Historically, John Day Province has been highly touted for its deer and elk antler trophies and superb hunting. It is very likely that there is a relationship between this longstanding reputation and the wide variety of plant species, especially shrubs, which provide high-quality big game habitat, and the calcareous soils as a source of calcium for excellent bone growth.

In recent years, research by Lee Eddleman and Rick Miller of Oregon State University has revealed the meteorological, physiological, and ecological implications of the dominance of western juniper and big sagebrush on arid native rangelands, such as in John Day Province.11, 12, 21 The seriousness of this situation has been well publicized. This is an invaluable contribution to the process of determining management options and formulating plans for resource rehabilitation in John Day Province.


Province Demarcation

John Day and Columbia Basin Demarcation

Starting in the northwest extent of John Day Province near the railroad siding of Nena in the Deschutes River canyon, about 7 miles upriver from Maupin, the line of demarcation between John Day and Columbia Basin Provinces runs southeast and south along the east rim of the Deschutes canyon in Wasco County and south into Jefferson County to encompass the small plateau about 2 miles west of Willowdale.83, 86 From this plateau, it meanders northeast to cross Highway 97 in Cow Canyon about 1 mile north of the confluence of Antelope and Trout creeks and then follows the north-side breaks of Antelope Creek to its headwaters. About 2 miles north of Antelope, the abrupt line of demarcation is exposed in a roadcut on Highway 218. The roadcut displays Columbia Basin Province’s basalt cap and silty aeolian soil, which extends to the north, overlying the light-color sedimentary materials that typify John Day Province, which is to the south of this point. The line of demarcation continues northeast along the west-side breaks of John Day River canyon to where the northeast corner of Wasco County and the southeast corner of Sherman County join on the John Day River. The John Day River canyon north of this point is in Columbia Basin Province; south, it is in John Day Province.

From where the line crosses John Day River, it travels south, east, and north along the breaks of a large rocky plateau that juts south into Wheeler County. The plateau is in Columbia Basin Province; the area west, south, and east of the plateau is in John Day Province. The plateau’s southwest corner, which overlooks the area around Clarno, is a good example of an abrupt province boundary which can be viewed from below near Clarno.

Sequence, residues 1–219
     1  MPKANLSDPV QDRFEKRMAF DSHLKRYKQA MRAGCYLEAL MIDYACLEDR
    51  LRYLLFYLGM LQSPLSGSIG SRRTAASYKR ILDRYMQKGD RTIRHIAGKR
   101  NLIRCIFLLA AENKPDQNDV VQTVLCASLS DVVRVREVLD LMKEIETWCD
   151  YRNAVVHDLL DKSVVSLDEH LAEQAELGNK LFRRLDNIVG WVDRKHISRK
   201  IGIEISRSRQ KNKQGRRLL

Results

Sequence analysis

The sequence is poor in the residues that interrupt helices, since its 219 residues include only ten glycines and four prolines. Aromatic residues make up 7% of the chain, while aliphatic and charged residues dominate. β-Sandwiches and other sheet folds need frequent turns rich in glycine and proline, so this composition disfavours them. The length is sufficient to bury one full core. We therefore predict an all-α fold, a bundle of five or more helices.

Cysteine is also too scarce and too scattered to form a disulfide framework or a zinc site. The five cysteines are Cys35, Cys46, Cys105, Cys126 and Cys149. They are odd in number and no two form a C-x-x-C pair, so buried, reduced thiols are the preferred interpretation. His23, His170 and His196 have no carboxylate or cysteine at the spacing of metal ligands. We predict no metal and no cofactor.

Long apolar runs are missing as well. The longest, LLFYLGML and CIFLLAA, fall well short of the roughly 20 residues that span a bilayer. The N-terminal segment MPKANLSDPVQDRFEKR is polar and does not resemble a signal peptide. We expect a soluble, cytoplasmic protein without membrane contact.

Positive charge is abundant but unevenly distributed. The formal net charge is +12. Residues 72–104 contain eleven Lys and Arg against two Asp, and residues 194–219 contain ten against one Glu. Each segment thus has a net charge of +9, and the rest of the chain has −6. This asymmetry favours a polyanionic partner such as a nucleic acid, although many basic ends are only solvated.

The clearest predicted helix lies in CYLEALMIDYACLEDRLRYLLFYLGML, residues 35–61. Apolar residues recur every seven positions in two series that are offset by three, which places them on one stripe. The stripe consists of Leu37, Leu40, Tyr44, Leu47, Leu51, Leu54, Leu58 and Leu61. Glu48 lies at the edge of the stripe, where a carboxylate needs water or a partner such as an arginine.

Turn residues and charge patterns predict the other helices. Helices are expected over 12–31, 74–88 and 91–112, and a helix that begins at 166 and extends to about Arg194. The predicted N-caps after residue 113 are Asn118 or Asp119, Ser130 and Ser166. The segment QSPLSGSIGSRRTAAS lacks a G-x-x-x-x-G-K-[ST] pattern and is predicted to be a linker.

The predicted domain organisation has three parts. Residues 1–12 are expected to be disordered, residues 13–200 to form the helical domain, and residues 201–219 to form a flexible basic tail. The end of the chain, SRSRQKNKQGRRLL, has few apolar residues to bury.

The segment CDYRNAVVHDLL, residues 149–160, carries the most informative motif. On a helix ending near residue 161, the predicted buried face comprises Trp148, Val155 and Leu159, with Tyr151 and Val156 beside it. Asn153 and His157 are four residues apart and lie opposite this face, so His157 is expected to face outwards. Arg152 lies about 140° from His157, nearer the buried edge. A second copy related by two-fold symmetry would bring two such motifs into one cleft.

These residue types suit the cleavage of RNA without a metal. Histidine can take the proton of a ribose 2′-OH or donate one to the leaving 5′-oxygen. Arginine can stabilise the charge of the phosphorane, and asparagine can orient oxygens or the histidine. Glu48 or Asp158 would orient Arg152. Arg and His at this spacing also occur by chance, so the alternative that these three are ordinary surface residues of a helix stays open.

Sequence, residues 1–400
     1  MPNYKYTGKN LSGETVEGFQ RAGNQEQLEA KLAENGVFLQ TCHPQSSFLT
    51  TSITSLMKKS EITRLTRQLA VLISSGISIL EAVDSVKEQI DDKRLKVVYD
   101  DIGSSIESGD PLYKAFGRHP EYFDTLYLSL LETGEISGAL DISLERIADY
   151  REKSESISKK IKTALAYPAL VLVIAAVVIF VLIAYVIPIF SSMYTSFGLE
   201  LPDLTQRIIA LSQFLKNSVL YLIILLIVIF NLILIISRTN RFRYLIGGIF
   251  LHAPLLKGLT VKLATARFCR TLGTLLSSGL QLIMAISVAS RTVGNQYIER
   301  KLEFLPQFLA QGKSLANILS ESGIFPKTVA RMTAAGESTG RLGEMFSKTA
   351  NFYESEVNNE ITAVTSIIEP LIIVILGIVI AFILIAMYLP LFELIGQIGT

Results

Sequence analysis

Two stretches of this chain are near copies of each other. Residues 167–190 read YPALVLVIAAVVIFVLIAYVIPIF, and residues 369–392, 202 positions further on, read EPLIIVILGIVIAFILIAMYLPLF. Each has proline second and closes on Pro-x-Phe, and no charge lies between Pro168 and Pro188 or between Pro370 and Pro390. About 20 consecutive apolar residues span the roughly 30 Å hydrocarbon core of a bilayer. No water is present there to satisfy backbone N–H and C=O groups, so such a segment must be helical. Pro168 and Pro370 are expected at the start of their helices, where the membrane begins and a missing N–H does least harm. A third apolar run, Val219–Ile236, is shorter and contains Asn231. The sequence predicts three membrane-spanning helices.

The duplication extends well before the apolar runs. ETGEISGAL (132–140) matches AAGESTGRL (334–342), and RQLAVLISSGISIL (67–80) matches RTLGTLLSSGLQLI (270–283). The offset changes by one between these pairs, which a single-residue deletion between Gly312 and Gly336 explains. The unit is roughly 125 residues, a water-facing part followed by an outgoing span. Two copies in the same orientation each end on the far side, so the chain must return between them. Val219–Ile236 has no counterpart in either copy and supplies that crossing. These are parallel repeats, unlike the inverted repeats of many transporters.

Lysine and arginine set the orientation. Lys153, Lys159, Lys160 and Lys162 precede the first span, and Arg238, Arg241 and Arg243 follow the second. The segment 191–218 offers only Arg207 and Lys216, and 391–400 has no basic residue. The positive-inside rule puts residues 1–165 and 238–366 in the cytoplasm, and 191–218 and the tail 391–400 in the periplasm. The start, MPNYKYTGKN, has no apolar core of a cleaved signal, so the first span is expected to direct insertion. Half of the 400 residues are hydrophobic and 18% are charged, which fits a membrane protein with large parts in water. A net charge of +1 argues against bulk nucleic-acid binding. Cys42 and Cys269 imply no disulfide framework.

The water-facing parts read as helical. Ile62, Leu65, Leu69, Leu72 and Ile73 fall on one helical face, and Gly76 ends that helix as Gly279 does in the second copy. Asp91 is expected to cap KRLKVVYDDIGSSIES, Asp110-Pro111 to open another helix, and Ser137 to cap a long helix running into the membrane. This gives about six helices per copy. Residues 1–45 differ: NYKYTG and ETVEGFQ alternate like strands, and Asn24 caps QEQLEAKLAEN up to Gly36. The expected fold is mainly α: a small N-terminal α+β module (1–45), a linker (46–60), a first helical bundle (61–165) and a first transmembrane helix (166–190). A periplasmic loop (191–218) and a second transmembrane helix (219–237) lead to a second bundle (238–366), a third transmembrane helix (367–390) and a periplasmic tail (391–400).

The line of demarcation between John Day and Columbia Basin provinces goes east about 3 miles north of Fossil at about 4,000 feet elevation in the vicinity of Cummings Pass. About 3 miles east of the pass, the line between John Day and Columbia Basin provinces becomes the demarcation between John Day and Blue Mountain provinces.

The demarcation line between John Day and Columbia Basin provinces is the general line between soil series such as Simas and Tub, which are very clayey (John Day), and the Condon series, which is an aeolian silt loam (Columbia Basin).

John Day and Blue Mountain Demarcation

From about 3 miles northwest of Kinzua, the line of demarcation between John Day and Blue Mountain provinces continues southeast at about 4,000 feet elevation. In this vicinity is a mixture of those forested soils that typify Blue Mountain Province and those that typify John Day Province. This soil pattern creates a belt of demarcation 2 to 3 miles wide in this particular area.90

Farther east, however, the belt narrows considerably at about 4,000 feet elevation as the line of demarcation follows east along the north breaks of John Day River drainages. Grassy Butte, Potato Hill, Thompson Flat, Buckaroo Flat, and other such plateau points above about 4,000 feet elevation that jut out into the John Day River drainage are in Blue Mountain Province; slopes into the river drainage to the south are in John Day Province.